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Guide: How to Write a Lab Report

One of the most common ways to communicate the results of one’s scientific research to the public is preparing a lab report. In this type of academic paper, an author’s goal is to inform the readers about what has been researched, describe the research process thoroughly, explain how and what was done, and present the key findings, elaborating on their significance and value. Lab reports are usually written according to strict requirements, so you should be aware of them before proceeding to write your own report. Below are the instructions that will guide you through the process.

What You Need to Know Before Writing a Lab Report

  • Lab reports necessarily comprise at least five sections: abstract, introduction, experimental section, key findings, and results. Depending on the sphere in which you conduct your research, and the requirements of your educational institution, you might need to include other sections, such as an appendix, etc. It is important that you stick to the standard format of writing lab reports to enable other people to find and retrieve information they need from your report quickly without having to look through it all.

  • Keep in mind, however, that people rarely read lab reports from the beginning to end; more often, they first look at the topic and abstract or introduction to understand what the paper is about, and then skip to the conclusions. If they are intrigued or if what they see corresponds with their scientific interests, they are likely to read through the whole report. Considering this, make the abstract and the conclusion section as clear and informative as possible.

  • The topic of your lab report should be brief, but detailed-oriented. When another person glances at it, they should be able to understand what scientific field it relates to and what the purpose of the experiment was.

  • Remember to write in a strictly official language. Although other kinds of academic papers may allow appealing to readers or even inserting some jokes, a lab report must be dry and solely scientific. Long sentences will obstruct comprehension, so you should express your data in informative, but compact sentences.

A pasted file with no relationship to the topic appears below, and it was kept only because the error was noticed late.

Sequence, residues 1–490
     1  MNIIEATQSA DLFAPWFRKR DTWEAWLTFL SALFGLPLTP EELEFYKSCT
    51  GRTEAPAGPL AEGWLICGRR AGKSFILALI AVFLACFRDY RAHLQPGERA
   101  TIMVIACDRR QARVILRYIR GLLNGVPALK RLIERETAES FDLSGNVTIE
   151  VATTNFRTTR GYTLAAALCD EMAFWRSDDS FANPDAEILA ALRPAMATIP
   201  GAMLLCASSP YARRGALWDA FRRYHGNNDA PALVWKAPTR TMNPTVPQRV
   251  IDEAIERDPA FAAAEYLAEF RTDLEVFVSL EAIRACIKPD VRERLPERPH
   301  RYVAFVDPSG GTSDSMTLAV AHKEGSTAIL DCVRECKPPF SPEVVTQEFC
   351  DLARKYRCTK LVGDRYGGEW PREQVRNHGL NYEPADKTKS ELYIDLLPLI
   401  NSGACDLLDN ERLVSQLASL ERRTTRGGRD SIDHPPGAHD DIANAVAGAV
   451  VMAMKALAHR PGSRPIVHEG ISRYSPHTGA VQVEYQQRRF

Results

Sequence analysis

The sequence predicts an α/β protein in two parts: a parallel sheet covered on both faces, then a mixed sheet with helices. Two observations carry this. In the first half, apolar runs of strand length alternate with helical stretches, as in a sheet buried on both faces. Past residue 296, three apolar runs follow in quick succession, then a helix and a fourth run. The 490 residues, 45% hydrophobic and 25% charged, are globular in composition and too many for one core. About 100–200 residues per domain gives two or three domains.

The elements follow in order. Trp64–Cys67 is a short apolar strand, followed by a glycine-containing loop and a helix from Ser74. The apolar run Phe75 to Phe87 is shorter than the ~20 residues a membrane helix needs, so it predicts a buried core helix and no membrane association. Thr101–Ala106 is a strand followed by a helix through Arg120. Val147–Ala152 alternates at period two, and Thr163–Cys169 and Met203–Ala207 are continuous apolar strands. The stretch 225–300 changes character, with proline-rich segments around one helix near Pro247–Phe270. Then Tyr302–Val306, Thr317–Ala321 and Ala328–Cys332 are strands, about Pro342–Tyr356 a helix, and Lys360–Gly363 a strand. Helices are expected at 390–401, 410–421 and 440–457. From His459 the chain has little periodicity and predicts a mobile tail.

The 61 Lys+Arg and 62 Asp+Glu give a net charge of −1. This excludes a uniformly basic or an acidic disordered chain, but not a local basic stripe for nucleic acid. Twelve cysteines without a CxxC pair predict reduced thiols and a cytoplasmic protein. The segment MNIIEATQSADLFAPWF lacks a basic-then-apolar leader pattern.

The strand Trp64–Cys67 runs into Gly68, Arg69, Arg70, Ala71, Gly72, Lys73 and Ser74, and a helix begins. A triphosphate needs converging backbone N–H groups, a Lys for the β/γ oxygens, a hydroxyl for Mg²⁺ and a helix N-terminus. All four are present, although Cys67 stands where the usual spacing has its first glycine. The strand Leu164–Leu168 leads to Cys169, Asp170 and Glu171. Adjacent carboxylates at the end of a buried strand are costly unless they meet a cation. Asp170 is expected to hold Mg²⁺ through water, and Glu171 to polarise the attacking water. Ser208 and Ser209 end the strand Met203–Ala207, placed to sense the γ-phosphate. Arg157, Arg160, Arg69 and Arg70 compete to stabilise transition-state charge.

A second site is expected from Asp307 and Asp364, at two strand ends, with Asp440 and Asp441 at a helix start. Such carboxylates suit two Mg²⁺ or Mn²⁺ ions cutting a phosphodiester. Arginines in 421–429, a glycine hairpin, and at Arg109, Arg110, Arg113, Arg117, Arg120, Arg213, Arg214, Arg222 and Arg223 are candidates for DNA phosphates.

• The key to evaluating your lab report before submitting/publishing it is to put yourself in the reader’s shoes: imagine you know nothing about the research described in your report, and read through it. If you can easily track the course of the experiment, and if you feel like another person could successfully replicate it using only the information from your report, then you have succeeded in writing it.

Now, as you are aware of the main points regarding a lab report, it is time to start writing one. Here is the actual step-by-step guide.

  • Conduct the experiment, carry out all the necessary observations, do tests, as well as other necessary procedures. Keep notes during the process.

  • Write the introduction. In this section, your primary goal is to get readers acquainted with the experiment. Explain what the experiment was, its significance and background, and the main goals it pursued. In the introductory section, you must formulate the hypothesis and the research goals; the first will tell the readers what you assumed before conducting the experiment, and the latter will show which steps you made in order to check your assumptions. Also, an introductory paragraph is the place where you explain all the terminology, abbreviations, and etc. that your audience might need to understand the lab paper (in case you are not making a separate appendix section for this).

  • Write the section dedicated to the results of your experiment. You cannot allow any round-ups, approximations, and generalizations here: this section must present your key findings in exactly the same way you retrieved them during the experiment.

  • Write the discussion section. In it, your task is to analyze and interpret the results; you must figure out whether the findings support the hypothesis or not, and identify their significance and credibility (a nice thing to do would be to point out the possible errors and external influences that might have affected the experiment’s course and results).

  • Write the conclusion. Remember to make it concise, but clear and informative.

  • Write the experimental section. This should not be a problem if you were taking notes on what you did during the experiment. The experimental section is the place for describing the methods, materials, and equipment used for your purposes, and (optionally) describe the procedure of the experiment.

  • Write the abstract. Its main function is to serve as a brief overview of the experiment and its results. Usually, an abstract is no longer than 250-300 words.

  • Write the title page and the list of references.

  • Double-check your report. All values and conditions should be described correctly: remember that someone might want or need to replicate your experiment using your lab report as a basis, so it is crucial that you are accurate.

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